What Makes Christian Music?

This was my response to someone's dogmatic diatribe on what makes music "Christian". I took the liberty of cleaning up spelling errors where I noticed them.
Newsgroups: rec.music.christian
Subject: Re: Question on lyrics...
Date: 4 Nov 1993 19:17:22 GMT
Sender: meo@netads.com (Miles O'Neal)

Marco Linqoil Harris writes:

The Question:

Can religious music be Christian if it does not give complete and total glory to God?

Now when you answer this question you MUST answer with a scripture and then some possible human wording.

To answer the question I also give you [what you wrote]:

I Corinthians 10:31 Whether therfore ye eat, or drink, or whatsoever ye do, do ALL to the glory of God.

The problem is that you have too many implicit assumptions in your problem wording. Before you can expect reasonable ("come, let us reason together") answers, you have to explain what you mean. I would contend that there are various ways to give God glory through music, not all of which require a certain number of repetitions of Jesus' name...


Mark 8:38 (Jesus speaking)

	Whosoever therfore shall be ashamed of me and of my words...

The fact that I don't name every one of my children, pets, and vehicles "Jesus" in no ways implies that I am ashamed of Him.

Now this applies to all who water down to "minister to the masses". Now before the flaming starts remember that they must accompany a scripture otherwise they will not count as arguments.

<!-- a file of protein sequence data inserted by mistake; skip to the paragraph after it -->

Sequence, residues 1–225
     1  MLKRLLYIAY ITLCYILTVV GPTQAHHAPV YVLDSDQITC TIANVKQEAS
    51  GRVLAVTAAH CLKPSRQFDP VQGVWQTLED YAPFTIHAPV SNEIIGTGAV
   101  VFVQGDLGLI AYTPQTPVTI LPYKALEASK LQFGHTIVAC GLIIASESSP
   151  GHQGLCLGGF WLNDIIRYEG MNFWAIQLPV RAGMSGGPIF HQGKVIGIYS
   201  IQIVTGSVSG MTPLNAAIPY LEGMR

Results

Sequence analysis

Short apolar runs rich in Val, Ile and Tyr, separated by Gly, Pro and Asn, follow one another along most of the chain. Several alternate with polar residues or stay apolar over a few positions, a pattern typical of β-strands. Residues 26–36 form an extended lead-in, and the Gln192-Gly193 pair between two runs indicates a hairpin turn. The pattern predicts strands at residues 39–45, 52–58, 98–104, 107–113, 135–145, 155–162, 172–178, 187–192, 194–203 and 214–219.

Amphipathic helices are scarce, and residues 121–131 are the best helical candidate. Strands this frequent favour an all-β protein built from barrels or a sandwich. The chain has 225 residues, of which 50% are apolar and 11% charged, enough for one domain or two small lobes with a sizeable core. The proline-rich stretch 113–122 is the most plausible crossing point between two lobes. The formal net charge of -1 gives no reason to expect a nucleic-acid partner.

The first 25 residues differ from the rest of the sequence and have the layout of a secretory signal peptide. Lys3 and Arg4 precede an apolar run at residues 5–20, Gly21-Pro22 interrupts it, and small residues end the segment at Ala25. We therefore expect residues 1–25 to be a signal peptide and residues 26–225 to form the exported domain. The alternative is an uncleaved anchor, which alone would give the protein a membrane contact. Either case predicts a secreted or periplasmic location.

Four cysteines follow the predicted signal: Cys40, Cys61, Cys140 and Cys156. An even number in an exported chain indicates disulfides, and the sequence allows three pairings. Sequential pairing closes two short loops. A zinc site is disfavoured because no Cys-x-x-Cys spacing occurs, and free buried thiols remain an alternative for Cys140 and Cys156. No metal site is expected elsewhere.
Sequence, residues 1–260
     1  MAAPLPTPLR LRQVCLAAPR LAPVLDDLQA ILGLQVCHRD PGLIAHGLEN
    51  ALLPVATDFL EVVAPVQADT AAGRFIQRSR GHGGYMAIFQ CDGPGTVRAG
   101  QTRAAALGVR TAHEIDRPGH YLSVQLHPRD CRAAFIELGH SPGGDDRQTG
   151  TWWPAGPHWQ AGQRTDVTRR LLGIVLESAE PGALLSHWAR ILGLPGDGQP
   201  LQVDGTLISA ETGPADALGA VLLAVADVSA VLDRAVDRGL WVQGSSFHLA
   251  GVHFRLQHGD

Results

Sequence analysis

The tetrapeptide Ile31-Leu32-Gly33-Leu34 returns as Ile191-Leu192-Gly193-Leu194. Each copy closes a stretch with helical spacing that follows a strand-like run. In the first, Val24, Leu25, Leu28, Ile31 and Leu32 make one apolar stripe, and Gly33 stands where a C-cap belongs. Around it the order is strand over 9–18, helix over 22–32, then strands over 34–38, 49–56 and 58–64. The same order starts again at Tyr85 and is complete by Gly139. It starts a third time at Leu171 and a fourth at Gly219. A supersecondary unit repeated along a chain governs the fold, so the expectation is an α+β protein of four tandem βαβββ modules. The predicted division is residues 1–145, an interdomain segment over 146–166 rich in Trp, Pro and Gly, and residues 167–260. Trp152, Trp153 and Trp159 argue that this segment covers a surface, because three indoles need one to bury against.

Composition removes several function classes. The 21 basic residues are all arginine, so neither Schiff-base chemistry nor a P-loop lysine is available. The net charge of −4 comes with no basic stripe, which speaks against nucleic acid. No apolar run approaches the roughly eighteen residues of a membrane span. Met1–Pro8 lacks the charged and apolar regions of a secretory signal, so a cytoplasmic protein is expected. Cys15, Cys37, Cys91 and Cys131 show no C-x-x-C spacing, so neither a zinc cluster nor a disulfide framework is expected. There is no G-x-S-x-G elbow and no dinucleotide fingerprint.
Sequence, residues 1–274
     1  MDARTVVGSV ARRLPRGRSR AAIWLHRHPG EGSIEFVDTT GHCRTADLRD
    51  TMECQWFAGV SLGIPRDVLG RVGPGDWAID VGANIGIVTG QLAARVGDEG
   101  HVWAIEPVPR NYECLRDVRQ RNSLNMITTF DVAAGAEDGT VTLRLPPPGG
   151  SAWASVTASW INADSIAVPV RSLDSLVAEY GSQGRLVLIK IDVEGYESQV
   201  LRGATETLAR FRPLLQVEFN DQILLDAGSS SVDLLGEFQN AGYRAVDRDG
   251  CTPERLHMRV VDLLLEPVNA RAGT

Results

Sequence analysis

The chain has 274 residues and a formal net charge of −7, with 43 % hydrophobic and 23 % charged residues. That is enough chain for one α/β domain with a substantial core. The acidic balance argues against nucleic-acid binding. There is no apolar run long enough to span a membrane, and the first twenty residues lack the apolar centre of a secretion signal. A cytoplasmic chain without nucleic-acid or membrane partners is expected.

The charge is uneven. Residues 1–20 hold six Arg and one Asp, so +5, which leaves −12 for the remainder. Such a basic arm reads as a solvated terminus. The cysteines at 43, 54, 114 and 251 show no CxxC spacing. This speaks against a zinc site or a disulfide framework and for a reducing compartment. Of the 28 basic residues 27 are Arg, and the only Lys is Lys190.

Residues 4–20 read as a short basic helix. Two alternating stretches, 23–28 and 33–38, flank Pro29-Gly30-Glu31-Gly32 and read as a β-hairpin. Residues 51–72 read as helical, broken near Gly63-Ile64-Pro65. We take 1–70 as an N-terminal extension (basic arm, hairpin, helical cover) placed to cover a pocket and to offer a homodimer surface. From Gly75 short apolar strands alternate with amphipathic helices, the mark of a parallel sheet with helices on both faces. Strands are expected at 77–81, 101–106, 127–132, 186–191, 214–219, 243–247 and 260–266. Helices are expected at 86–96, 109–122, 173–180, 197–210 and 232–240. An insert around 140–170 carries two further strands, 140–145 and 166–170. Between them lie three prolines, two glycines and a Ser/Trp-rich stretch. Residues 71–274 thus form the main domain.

Paul said he would "become all things to all people". So what is wrong with speaking the language of punks, metalheads, or even (God help me) top 40 teeny boppers? They don't speak religiospeak. You have to get their attention before they will really "hear" the Gospel, which they think they have heard already, when all they have heard is empty words, noisy brass, and clanging cymbals (see Paul on love in I Cor 13).

What gives God glory? "...not willing that any should perish..." and the subsequent verses tell me that if we are bringing people to Him, in His name, He gets His desire, which brings Him glory.

Consider the following C code. It is a "Glory to God" version of the nearly omnipresent "hello world" program. Does it really give God glory? I suppose that for some people in some circumstances, it does. But I also suspect that in most cases, a well-crafted program with no blatant "advertising", done by a person who everyone looks up to, who is "ready to give an account of smrtz faith", does a far better job.

----------------------------------start of code-------------------------------

 * Module:               GetSavedWorld.c
 * Author:               Holy Spirit
 * Coder:                Fred Fazed
 * Date:                 4th of Nov, in the Year of Our Lord 1993
 * Purpose:              Glorifies God
 * Side Effects:         demonstrates simple C program for babes in
 *                       the programming faithless
 * Requires:             link from /usr/include/stdio.h to
 *                       /usr/include/stdgospels.h

#include <stdgospels.h>

#define AllInAll main
#define bookv argv
#define bookc argc
#define Alpha {
#define Omega }
#define GreetInLove printf
#define Praise printf
#define Reveal printf
#define Armageddon exit

typedef int Divine;
typedef int Master;
typedef void Lucifer;
typedef char human;

Master AllInAll(bookc, bookv)

Divine bookc;
human bookv;

  (Lucifer) GreetInLove("Hello, fallen world!\n");
  (Lucifer) Praise("Praise God from whom all blessings flow!\n");
  (Lucifer) Reveal("Jesus died for your sins! Repent!\n");
  Armageddon (0);


-----------------------------------end of code--------------------------------

Last updated: 25 October 2001

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